Chicago Tribune: Trump Wrong for Ousting of AG Yates over ‘Unconstitutional’ Order

Former Acting Attorney General Sally Yates

Former Acting Attorney General Sally Yates

By Editorial Board
Chicago Tribune

President Donald Trump, the former TV reality star, has never said “You’re fired” like this.

His decision Monday night to oust acting Attorney General Sally Yates heightens the drama over his deplorable executive action on immigration. Trump’s move is petulant and unsettling, especially for Americans with long memories. That said, amateur historians rolling out comparisons to Richard Nixon‘s 1973 “Saturday Night Massacre” — the firing of his attorney general over Watergate — are overwrought.

We don’t know how this confrontation will end, but we’re certain we know where it is headed: to a cluster of federal courts. That’s where the Trump administration will attempt to defend the president’s overly broad order temporarily halting the country’s refugee program and banning citizens of seven Muslim-majority countries from entering the United States for 90 days. The countries are Iran, Iraq, Libya, Somalia, Sudan, Syria and Yemen.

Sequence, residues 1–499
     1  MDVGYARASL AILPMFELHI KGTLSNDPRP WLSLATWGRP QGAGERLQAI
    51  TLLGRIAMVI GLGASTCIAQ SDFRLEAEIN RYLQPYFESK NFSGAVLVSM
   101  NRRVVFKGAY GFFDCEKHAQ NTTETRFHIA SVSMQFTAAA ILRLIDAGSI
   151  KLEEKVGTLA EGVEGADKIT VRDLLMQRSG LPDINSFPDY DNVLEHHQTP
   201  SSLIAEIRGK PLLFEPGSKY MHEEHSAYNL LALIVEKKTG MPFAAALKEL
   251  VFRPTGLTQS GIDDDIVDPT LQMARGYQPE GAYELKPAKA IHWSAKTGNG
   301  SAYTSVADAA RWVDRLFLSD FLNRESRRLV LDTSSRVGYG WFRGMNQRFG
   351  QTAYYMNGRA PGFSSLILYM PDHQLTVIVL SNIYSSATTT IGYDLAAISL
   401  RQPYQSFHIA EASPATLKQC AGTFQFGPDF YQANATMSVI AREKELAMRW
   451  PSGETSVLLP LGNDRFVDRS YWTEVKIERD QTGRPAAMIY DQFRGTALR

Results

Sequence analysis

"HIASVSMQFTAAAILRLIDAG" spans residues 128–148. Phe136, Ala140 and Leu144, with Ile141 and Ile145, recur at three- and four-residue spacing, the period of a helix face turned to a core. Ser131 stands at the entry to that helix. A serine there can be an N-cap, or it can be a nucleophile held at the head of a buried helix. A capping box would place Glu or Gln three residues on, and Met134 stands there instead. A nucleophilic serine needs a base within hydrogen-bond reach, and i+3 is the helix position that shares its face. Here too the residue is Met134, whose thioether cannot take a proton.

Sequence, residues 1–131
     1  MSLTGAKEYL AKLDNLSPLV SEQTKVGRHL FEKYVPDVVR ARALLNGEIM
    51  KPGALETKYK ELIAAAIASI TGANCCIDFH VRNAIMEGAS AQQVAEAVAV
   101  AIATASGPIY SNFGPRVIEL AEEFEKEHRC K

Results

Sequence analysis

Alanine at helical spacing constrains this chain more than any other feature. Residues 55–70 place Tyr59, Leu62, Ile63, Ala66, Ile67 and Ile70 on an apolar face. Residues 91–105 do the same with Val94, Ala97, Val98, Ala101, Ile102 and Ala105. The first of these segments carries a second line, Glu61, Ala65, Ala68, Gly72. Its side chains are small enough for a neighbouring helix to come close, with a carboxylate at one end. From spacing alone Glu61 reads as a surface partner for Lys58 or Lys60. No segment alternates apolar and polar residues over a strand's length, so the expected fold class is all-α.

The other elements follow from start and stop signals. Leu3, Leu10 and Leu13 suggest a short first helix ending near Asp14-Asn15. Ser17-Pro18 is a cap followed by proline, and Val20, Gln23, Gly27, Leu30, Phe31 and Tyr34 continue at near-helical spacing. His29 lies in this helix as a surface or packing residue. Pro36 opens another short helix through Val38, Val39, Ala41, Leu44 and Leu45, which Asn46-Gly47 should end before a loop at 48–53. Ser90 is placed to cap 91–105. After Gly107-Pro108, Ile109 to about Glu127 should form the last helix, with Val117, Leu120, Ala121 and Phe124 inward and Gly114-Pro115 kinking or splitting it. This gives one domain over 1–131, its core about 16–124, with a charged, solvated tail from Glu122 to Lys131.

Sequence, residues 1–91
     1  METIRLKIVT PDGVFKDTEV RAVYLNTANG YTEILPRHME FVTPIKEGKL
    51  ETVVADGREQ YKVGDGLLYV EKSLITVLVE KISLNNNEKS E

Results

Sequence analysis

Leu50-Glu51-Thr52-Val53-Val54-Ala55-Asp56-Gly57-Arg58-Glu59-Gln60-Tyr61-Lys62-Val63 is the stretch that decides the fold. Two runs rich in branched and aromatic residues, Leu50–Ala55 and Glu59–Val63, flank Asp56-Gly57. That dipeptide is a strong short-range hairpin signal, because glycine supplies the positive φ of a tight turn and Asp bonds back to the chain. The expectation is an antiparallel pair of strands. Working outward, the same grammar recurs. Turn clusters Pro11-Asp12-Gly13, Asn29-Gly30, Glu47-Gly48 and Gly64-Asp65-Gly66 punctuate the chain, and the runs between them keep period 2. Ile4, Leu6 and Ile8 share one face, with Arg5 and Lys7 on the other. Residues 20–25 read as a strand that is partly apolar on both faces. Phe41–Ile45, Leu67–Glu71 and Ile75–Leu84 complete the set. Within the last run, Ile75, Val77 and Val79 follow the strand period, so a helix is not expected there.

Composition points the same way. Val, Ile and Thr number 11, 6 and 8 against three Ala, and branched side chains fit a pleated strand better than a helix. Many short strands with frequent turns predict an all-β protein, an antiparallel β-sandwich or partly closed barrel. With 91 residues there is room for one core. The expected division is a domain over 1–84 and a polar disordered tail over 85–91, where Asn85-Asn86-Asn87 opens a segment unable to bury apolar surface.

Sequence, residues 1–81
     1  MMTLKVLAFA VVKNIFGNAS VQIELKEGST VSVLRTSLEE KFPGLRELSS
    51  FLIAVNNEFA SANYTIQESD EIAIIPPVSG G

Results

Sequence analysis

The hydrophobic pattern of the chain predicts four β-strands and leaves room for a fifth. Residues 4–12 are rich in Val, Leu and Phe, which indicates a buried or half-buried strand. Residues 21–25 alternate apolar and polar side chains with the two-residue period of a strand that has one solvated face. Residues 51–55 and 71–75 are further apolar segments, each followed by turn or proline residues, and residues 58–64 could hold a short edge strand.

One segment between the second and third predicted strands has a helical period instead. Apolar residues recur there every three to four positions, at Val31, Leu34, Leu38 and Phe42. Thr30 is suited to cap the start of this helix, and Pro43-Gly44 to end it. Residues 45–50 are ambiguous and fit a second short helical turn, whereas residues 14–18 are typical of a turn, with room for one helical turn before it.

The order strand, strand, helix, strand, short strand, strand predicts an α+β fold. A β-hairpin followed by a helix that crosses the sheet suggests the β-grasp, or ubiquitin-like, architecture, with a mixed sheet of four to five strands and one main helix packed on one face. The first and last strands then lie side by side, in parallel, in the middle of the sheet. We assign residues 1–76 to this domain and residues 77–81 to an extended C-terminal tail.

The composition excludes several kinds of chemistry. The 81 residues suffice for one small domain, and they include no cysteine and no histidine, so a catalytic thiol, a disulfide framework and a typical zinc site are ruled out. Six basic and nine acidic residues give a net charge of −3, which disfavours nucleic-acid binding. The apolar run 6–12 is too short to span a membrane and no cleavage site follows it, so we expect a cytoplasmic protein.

Trump’s sweeping directive, signed Friday, was intended to protect the country from terrorism, but it’s deeply problematic and arguably unconstitutional. It was rolled out too quickly, without adequate time to debate its merits or explain the scope. The Associated Press reports that at least three top national security officials — Defense Secretary Jim Mattis, Homeland Security Secretary John Kelly and Rex Tillerson, who is awaiting confirmation to lead the State Department — have told associates they were not aware of details of the directive until around the time Trump signed it.